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The Undervalued Man Who Can Tip The Balance In Mayo's Favour

The Undervalued Man Who Can Tip The Balance In Mayo's Favour
By Maurice Brosnan
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It was with a mix of wonder and dismay that one looked down on the field at Croke Park last August and watched Lee Keegan stand alongside Con O'Callaghan on the edge of the square, one on one with twenty metres of open space in front of him.

It was the quintessential tale of the matador and the bull. Transfixing action despite the fact that one slip would inevitably produce carnage. That day, Keegan and Mayo did indeed slip.

In an era where standard practice is to flood players behind the ball and reinforce the defence with extra numbers, Mayo's throwback to an ancient mode felt borderline bold but ultimately bonkers. Marc Ó Sé and Kieran Fitzgerald may have expected to fend for themselves in wide-open space but the modern defender generally faces a different challenge.

Not in Mayo. Alongside Dublin, they remain one of the few elite teams who have maintained a consistent adherence to a progressive model. A high-octane half-back line are given licence to get forward whenever possible.

Like Dublin and Cian O'Sullivan, often only one player will hold the centre. In recent years Colm Boyle has undertaken this role. At times, he too can tear forward and expose the back. Attacking from deep is not so much a choice but a necessity.

This strategy has been a successful one. Since 2012 when James Horan first took charge of the county, they have reached four of the last eight All-Ireland finals. That is the pay-off, yet there is a cost.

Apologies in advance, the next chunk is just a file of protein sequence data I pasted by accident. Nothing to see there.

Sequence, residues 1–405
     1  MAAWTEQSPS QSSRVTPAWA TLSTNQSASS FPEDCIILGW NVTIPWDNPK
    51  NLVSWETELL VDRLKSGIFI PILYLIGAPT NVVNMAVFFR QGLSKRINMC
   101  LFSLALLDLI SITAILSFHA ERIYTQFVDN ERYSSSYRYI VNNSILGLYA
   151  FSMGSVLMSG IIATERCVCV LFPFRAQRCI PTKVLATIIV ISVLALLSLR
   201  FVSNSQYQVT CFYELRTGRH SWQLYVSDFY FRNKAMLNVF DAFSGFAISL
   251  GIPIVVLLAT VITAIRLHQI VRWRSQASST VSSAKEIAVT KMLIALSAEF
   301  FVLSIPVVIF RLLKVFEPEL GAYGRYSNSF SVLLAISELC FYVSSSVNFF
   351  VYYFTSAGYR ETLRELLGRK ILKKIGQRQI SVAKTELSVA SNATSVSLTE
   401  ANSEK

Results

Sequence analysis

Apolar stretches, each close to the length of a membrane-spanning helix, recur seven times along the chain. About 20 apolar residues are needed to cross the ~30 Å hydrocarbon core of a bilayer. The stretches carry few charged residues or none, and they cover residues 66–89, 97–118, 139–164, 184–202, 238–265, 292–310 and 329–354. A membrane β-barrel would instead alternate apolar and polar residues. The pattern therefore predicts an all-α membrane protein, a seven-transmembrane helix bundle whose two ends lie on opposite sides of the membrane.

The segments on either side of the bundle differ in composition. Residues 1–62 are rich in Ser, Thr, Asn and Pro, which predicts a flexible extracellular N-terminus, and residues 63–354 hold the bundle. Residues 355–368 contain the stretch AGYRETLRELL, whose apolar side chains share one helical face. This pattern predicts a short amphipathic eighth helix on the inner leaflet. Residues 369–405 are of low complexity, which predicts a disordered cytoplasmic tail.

In the circus that is Mayo's sorrowful search for Sam Maguire, their full-back line protrudes as the high-wire act.


Nothing captures where this outfit is currently more than numbers 2, 3 and 4. Oisín Mullin is a necessary injection of youthful dynamism, Chris Barrett and Lee Keegan are the stalwarts that have sustained one of the sport's great teams.

Since captaining Mayo to a U21 Connacht title, Barrett has amassed 46 senior championship appearances in green and red. The defender has one All-Star to show for it. Yet his importance in this team cannot be understated. Consider this: over the past four years, Mayo have played 1, 860 minutes of championship football. Barrett has featured in 1,652 of them.

Having missed Mayo's league campaign through injury, he returned to the team against Roscommon and locked down Conor Cox. The 34-year old's defensive role is still vital. He demonstrated as much against Galway.


Mayo's elder statesmen are skilled one-on-one defenders thanks to six years of exposure to Donie Buckley's defensive coaching. Their players have routinely pointed to the Kerryman as a key cog in perfecting this art.

"He brings a whole game intelligence on how the game is played and how it should be played, that whole aspect. He's a great philosophy on how we should play football and I love the way he thinks," Lee Keegan told Balls.ie in 2018.

"For me, as a defender, he really works on our footwork and technique of tackle. Especially in the likes of Croke Park, that can influence a defence. Being able to stand your man up one-on-one in a lot of space is something that we hugely pride ourselves on."


Barrett was tasked with marking Galway forward Dessie Connelly in the Connacht final. Time and again, he won his duel with a well-timed interception or inch-perfect tackle.